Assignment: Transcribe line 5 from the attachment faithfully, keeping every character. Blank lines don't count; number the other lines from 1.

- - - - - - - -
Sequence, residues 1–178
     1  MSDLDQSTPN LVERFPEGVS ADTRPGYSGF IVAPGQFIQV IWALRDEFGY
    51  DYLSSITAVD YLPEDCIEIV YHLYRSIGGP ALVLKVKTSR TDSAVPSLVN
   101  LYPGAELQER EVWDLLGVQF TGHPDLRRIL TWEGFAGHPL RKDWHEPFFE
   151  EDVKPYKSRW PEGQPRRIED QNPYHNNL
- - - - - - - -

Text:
   151  EDVKPYKSRW PEGQPRRIED QNPYHNNL